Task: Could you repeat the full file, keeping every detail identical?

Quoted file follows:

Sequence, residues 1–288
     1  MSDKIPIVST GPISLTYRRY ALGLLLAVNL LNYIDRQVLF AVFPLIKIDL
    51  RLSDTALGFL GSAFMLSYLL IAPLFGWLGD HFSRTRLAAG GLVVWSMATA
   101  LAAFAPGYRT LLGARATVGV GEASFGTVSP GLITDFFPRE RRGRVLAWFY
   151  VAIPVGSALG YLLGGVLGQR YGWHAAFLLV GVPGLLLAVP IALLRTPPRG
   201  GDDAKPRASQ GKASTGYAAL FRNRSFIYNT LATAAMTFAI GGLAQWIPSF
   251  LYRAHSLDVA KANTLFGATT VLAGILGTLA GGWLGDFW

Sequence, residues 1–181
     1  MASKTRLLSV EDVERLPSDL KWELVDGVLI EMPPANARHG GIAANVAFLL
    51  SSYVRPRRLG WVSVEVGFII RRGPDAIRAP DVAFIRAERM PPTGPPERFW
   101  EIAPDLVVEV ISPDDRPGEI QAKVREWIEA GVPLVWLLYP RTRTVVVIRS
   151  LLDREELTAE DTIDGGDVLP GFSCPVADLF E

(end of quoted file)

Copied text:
Sequence, residues 1–288
     1  MSDKIPIVST GPISLTYRRY ALGLLLAVNL LNYIDRQVLF AVFPLIKIDL
    51  RLSDTALGFL GSAFMLSYLL IAPLFGWLGD HFSRTRLAAG GLVVWSMATA
   101  LAAFAPGYRT LLGARATVGV GEASFGTVSP GLITDFFPRE RRGRVLAWFY
   151  VAIPVGSALG YLLGGVLGQR YGWHAAFLLV GVPGLLLAVP IALLRTPPRG
   201  GDDAKPRASQ GKASTGYAAL FRNRSFIYNT LATAAMTFAI GGLAQWIPSF
   251  LYRAHSLDVA KANTLFGATT VLAGILGTLA GGWLGDFW

Sequence, residues 1–181
     1  MASKTRLLSV EDVERLPSDL KWELVDGVLI EMPPANARHG GIAANVAFLL
    51  SSYVRPRRLG WVSVEVGFII RRGPDAIRAP DVAFIRAERM PPTGPPERFW
   101  EIAPDLVVEV ISPDDRPGEI QAKVREWIEA GVPLVWLLYP RTRTVVVIRS
   151  LLDREELTAE DTIDGGDVLP GFSCPVADLF E